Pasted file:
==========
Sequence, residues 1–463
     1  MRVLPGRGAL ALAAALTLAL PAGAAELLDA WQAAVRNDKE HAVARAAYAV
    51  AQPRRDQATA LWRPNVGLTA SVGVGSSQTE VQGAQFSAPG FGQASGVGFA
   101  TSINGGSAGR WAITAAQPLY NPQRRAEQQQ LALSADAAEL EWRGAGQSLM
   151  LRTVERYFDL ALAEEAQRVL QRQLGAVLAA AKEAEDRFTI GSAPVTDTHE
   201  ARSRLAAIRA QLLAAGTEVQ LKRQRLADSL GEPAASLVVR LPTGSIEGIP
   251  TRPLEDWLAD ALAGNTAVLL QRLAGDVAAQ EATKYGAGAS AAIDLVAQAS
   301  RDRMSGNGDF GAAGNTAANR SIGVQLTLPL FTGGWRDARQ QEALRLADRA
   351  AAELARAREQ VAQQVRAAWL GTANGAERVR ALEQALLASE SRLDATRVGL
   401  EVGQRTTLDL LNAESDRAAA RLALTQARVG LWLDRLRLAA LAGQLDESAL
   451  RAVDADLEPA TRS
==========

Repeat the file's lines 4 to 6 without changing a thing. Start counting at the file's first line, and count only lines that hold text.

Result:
   101  TSINGGSAGR WAITAAQPLY NPQRRAEQQQ LALSADAAEL EWRGAGQSLM
   151  LRTVERYFDL ALAEEAQRVL QRQLGAVLAA AKEAEDRFTI GSAPVTDTHE
   201  ARSRLAAIRA QLLAAGTEVQ LKRQRLADSL GEPAASLVVR LPTGSIEGIP